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Anuja Chauhan’s Baaz is a roaring and riveting love story set against the backdrop of the 1971: A Review

By Monica Arora

Baaz by Anuja Chauhan
Paperback: 432 pages
Publisher: Harper Collins; 1 edition (1 May 2017)
Language: English

Anuja Chauhan has emerged as one of the most reliable contemporary writers of pop-fiction in recent years, with her effervescent love stories being set against the back drop of cricket in The Zoya Factor or the great Indian election in Battle for Bittora, the third estate in Those Pricey Thakur Girls or as a middle-class drama for property in The House that BJ Built.

The latest to emerge from the keys of her laptop is Baaz, a roaring and riveting love story set against the backdrop of the 1971 war when India helped the Mukti Vahini in East Pakistan (Bangladesh at present) in their war for independence. India joined the war on 3 December 1971, after Pakistan launched preemptive air strikes on North India. The formidable Indian Air Force took control of the eastern theatre of war and eventually the Allied Forces of Bangladesh and India left Pakistan with no choice but to surrender in Dacca on 16 December 1971. The pro-Pak bias of the then US President Richard Nixon and his Secretary of State Henry Kissinger was revealed when recently de-classified papers of the 1971 war describe how the American aircraft carrier USS Enterprise had orders to target Indian Army facilities. Baaz draws its climax by citing an episode of the Cold War and makes it a delightful mix of patriotism, romance, drama, cold-blooded action and much comic relief amidst the gritty setting. Continue reading

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Indian authors writing in English language

By Ankita Ghosh

While we were busy reading mostly American and European authors to satiate our hunger for novels written in the English language, a quiet and cautious breed of writers were steadily reinventing the idea of English language novels for us, here in the heartland of the subcontinent.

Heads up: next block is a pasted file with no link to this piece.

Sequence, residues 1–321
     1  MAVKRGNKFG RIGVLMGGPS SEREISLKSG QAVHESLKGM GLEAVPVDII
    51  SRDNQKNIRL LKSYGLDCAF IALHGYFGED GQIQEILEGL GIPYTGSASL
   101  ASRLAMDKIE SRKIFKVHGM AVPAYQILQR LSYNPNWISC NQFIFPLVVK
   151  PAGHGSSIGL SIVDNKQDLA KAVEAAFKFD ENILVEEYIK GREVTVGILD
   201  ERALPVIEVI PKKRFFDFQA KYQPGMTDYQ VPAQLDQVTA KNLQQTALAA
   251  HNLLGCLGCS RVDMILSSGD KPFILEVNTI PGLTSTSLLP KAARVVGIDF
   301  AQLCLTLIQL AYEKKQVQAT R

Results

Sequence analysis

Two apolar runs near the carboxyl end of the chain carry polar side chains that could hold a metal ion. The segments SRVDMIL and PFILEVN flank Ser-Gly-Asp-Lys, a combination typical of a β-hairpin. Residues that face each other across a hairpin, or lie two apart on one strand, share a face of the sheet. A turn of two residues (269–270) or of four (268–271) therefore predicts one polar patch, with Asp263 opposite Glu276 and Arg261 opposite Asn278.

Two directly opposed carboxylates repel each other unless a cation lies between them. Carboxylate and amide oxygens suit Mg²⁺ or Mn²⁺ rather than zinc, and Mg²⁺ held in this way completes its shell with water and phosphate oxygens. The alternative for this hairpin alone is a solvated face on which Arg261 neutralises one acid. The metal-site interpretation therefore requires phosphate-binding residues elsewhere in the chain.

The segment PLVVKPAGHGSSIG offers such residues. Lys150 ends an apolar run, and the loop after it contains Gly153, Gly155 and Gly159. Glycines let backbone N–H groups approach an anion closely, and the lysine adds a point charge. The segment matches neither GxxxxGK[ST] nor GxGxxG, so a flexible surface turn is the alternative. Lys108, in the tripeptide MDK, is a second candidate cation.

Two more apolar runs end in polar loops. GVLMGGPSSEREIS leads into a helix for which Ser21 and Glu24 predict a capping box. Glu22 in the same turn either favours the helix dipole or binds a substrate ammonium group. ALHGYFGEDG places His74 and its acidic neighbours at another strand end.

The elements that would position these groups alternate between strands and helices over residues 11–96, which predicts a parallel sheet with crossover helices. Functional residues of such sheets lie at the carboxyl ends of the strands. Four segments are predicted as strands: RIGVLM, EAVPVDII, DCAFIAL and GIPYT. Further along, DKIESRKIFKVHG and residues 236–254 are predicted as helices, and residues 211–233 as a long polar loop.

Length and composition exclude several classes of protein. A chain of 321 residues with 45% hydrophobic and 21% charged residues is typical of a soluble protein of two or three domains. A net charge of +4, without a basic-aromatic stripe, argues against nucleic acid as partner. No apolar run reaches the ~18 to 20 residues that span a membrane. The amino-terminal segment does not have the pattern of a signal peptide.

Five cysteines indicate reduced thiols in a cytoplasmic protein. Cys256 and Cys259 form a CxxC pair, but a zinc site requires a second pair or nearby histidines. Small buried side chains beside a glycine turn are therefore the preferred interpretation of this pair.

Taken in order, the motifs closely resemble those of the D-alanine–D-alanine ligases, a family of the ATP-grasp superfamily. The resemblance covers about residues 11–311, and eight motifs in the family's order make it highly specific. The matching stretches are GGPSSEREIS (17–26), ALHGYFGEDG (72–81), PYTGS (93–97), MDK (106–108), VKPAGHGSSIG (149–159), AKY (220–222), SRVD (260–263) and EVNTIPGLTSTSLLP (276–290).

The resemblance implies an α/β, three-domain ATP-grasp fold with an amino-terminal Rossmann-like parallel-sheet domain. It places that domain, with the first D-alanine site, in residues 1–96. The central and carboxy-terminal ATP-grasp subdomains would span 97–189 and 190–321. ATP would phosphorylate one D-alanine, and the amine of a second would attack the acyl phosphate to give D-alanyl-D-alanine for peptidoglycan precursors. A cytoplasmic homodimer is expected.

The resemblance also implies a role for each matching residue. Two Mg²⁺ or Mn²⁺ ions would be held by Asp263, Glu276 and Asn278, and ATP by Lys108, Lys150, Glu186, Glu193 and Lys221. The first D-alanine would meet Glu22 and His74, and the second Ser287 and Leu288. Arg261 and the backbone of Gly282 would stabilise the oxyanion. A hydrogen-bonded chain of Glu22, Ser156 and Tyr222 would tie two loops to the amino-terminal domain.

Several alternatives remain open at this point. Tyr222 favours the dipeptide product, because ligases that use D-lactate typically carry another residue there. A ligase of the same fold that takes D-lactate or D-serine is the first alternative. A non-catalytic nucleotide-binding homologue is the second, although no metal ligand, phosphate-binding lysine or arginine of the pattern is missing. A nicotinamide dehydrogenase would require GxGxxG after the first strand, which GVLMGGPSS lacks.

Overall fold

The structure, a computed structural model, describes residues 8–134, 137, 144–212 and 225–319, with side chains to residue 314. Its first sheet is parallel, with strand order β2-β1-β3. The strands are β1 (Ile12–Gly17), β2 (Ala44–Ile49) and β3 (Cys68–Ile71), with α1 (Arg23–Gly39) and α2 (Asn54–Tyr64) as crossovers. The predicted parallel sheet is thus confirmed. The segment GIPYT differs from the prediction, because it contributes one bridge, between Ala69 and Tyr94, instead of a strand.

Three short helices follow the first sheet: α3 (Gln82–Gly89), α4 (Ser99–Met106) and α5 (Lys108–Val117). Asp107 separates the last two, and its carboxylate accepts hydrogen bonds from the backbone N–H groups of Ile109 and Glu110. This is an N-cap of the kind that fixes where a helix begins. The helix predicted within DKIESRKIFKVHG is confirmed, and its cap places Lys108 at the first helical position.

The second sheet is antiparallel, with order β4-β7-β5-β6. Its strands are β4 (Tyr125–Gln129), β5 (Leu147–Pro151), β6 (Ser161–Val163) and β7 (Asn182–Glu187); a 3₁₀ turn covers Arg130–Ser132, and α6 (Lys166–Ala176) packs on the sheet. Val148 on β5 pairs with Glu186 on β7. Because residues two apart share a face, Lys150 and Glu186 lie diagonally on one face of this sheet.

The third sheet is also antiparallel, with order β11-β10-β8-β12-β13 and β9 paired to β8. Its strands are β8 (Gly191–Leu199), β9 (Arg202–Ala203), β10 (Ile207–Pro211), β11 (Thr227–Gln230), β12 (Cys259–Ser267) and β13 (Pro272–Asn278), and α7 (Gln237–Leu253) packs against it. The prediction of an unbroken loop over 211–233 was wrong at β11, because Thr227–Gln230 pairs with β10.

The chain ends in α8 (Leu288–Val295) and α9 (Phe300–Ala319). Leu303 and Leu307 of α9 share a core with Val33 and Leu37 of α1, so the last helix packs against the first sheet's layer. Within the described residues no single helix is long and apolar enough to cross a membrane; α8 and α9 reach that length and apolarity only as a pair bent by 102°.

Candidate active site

These writers came to be loosely known as ‘Indian authors writing in English language’. As the 21st century progressed and our desperate need to be readily anglicized was reversed by the chronic desire to be homebound, more and more people began reading them and soon they became a phenomenon.
These authors usually fall into two distinct categories. The first category of authors is headed by Chetan Bhagat, Ravinder Singh, Manju Kapur, Anuja Chauhan and the likes. They have equally been loved and loathed. The middle class that was reluctantly welcoming English into their households, loved them as they spoke of a transitioning India and wrote about its average citizens. Read more
Source: Meri News


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Karthika VK Set To Launch A New Division For Amazon-Owned Westland Publishers

By Somak Ghoshal

Karthika VK, who stepped down as Publisher and Chief Editor at HarperCollins Publishers India (HCI) last October, is set to start a new publishing division for Westland Publishers, now wholly owned by Amazon, according to sources. The name of the division is not known yet, but it is likely to start publishing titles from the third-quarter of this year.

Amazon.com Inc. acquired the publishing business of Westland, a Trent Limited subsidiary and one of India’s major publishing houses, last October as well, after initially having bought 26% stakes in it.